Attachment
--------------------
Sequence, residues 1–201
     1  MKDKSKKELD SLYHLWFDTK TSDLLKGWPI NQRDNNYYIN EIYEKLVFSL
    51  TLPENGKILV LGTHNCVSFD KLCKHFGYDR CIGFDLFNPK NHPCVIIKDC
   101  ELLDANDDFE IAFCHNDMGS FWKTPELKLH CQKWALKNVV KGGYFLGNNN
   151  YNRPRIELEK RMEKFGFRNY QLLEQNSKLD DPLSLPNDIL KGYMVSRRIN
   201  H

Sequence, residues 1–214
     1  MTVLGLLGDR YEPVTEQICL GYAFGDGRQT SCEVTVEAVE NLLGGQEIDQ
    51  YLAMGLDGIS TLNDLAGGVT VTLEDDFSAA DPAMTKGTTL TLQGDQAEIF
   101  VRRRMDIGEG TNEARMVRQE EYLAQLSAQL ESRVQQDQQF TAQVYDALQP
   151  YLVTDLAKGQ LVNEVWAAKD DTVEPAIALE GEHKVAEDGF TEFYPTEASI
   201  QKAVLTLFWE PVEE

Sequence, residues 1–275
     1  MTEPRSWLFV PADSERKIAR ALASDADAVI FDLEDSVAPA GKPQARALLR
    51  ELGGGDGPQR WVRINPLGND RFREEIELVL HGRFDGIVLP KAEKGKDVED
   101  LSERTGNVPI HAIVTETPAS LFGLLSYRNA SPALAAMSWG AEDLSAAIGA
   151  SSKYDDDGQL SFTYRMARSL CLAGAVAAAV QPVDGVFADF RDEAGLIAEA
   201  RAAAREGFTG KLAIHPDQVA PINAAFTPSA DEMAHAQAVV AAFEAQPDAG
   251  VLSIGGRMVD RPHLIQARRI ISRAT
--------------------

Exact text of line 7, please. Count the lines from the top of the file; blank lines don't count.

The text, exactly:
Sequence, residues 1–214